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Job dust please?

Indylady

Ideal_Rock
Joined
Apr 28, 2008
Messages
5,574
Hi Friends! I'm in a little desperate need of job dust. I just got a dream job about 3.5 months ago, but I already feel like I've messed up and am doing badly! Its a tough job and field, with little room for error.

For a little context--this area of work is new to me, and I thought that was communicated when I joined--I thought it was especially clear since I was also bumped down in salary to account for this. However, there is really no one around (most of my team is in other offices or work from home, and they all seem to work pretty autonomously of each other) to train me or show me the ropes--the next person above me is 9 years ahead of me in experience. I know, I know, wah wah, poor me. I don't want to be a whiner, need to be handheld, etc. but there's genuinely not really a guide besides experience. The team also had one internal person around my experience level join the team, so I think that they meant to hire only one but wound up with two juniors, meaning there is more training to do and less work for each., a result of those environmental factors, and of course as a result of some of my own personal shortcomings--making errors by rushing or not proofing well, I'm scared I've already put myself in a place to fail. I talked to my boss about it today, basically explaining that I'm worried I haven't performed well but that I also haven't had a lot of training, and that I'm really motivated to do the job right, and he said he'd talk to some people to see what they thought of me/my work, and get back to me with feedback. It was a fine response, but not particularly warm or encouraging. Have I drawn more attention to myself by saying anything? My hope was to be transparent and to show initiative (because I genuinely do care). But, I'm worried I've now given people a reason to really scrutinize me.

There are some steps I can take: proof read 3x over anything that I do, study on the topic even if it doesn't show me how to do it at work (think reading about drawing blood vs. the actual experience of having a patient's arm in front of you), have a good attitude, keep asking for work, etc. Does anyone have any advice or dust for me? I am totally terrified. This is my dream job. I'm terrified of losing this within months, explaining to potential employers if I'm fired, unemployment (sounds like a joke but I really can't afford it), etc. etc. I realize this is a privileged problem, and that there are many worse things.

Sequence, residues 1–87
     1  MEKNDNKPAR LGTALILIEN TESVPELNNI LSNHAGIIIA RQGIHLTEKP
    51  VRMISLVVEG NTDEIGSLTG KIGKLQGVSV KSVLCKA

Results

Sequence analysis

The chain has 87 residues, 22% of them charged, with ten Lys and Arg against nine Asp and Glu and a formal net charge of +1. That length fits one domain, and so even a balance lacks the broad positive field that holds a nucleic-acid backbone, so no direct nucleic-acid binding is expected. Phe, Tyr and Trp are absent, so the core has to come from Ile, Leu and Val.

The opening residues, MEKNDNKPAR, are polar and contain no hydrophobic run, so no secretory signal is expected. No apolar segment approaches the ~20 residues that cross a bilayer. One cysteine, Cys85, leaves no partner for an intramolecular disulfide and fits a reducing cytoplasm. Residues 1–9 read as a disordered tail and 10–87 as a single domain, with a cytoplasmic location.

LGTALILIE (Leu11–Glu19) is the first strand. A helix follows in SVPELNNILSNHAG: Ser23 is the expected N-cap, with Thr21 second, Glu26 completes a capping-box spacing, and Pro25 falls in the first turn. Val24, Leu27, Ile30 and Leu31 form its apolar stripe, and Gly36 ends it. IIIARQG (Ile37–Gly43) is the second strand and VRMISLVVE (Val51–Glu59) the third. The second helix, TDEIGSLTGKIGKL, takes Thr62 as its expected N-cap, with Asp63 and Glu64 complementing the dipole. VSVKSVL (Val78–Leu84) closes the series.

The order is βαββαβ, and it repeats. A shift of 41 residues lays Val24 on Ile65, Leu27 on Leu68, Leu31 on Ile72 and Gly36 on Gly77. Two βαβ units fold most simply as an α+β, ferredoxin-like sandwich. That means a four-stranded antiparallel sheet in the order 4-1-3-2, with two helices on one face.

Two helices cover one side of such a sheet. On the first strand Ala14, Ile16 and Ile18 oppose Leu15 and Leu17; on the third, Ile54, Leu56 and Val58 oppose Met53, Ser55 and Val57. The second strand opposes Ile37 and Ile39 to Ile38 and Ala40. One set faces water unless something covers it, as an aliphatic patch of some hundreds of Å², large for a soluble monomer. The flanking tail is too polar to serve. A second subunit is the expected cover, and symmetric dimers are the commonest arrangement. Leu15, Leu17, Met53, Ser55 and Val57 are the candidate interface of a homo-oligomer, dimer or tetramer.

Does anyone have advice for me? Maybe a little dust pretty please?
 

Puppmom

Ideal_Rock
Premium
Joined
Jun 25, 2007
Messages
3,160
Sending you tons of dust! DH was in a similar situation as a web developer. He was very clear about his skill set and they acknowledged they were "throwing him into the fire" but everyone would seem to forget that when projects took a little longer or he needed support. He fortunately has someone tenured who he could lean on. He says he learned more from him on 3 months than he did the entire 2 years preparing for the career change. DH ended up putting in a ton of hours outside of work which lead to sleep deprivation, a worsening of his anxiety and sometimes poor performance as a result. And it gave his employer the sense he was getting things done more quickly than he actually was. I would not recommend that path.

In some fields you can fake it till you make it. In others there's no room for that. I think you did the right thing speaking to them bc it's certainly not going to improve without proper training and support.
 

redwood66

Ideal_Rock
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Aug 22, 2012
Messages
7,008
My best wishes to you IndyLady. I hope your boss takes to heart what you shared.
 

smitcompton

Ideal_Rock
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Joined
Feb 11, 2006
Messages
2,607
Hi,